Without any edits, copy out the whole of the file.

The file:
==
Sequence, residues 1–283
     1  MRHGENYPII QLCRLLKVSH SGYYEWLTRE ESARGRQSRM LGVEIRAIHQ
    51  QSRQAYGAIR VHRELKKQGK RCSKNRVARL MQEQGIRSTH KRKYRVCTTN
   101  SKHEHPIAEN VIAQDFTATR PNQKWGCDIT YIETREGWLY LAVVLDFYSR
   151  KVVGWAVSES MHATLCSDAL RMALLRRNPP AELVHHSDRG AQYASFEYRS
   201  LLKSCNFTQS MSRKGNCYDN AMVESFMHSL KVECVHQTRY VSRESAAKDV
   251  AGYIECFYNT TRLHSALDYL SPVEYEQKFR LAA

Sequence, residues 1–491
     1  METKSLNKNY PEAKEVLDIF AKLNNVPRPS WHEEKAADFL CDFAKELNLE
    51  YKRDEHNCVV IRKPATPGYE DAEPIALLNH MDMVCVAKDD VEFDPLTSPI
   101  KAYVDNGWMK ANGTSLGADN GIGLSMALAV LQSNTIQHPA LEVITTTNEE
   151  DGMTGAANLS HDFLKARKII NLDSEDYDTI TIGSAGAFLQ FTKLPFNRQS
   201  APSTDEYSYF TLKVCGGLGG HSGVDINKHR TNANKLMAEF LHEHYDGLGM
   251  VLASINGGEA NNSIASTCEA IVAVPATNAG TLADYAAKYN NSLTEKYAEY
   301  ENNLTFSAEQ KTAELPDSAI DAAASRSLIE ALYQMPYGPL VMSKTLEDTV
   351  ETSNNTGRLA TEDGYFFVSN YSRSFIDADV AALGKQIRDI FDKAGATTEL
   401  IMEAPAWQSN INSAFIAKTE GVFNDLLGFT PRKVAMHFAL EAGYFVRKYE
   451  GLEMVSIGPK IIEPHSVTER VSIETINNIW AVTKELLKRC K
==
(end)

Sequence, residues 1–283
     1  MRHGENYPII QLCRLLKVSH SGYYEWLTRE ESARGRQSRM LGVEIRAIHQ
    51  QSRQAYGAIR VHRELKKQGK RCSKNRVARL MQEQGIRSTH KRKYRVCTTN
   101  SKHEHPIAEN VIAQDFTATR PNQKWGCDIT YIETREGWLY LAVVLDFYSR
   151  KVVGWAVSES MHATLCSDAL RMALLRRNPP AELVHHSDRG AQYASFEYRS
   201  LLKSCNFTQS MSRKGNCYDN AMVESFMHSL KVECVHQTRY VSRESAAKDV
   251  AGYIECFYNT TRLHSALDYL SPVEYEQKFR LAA

Sequence, residues 1–491
     1  METKSLNKNY PEAKEVLDIF AKLNNVPRPS WHEEKAADFL CDFAKELNLE
    51  YKRDEHNCVV IRKPATPGYE DAEPIALLNH MDMVCVAKDD VEFDPLTSPI
   101  KAYVDNGWMK ANGTSLGADN GIGLSMALAV LQSNTIQHPA LEVITTTNEE
   151  DGMTGAANLS HDFLKARKII NLDSEDYDTI TIGSAGAFLQ FTKLPFNRQS
   201  APSTDEYSYF TLKVCGGLGG HSGVDINKHR TNANKLMAEF LHEHYDGLGM
   251  VLASINGGEA NNSIASTCEA IVAVPATNAG TLADYAAKYN NSLTEKYAEY
   301  ENNLTFSAEQ KTAELPDSAI DAAASRSLIE ALYQMPYGPL VMSKTLEDTV
   351  ETSNNTGRLA TEDGYFFVSN YSRSFIDADV AALGKQIRDI FDKAGATTEL
   401  IMEAPAWQSN INSAFIAKTE GVFNDLLGFT PRKVAMHFAL EAGYFVRKYE
   451  GLEMVSIGPK IIEPHSVTER VSIETINNIW AVTKELLKRC K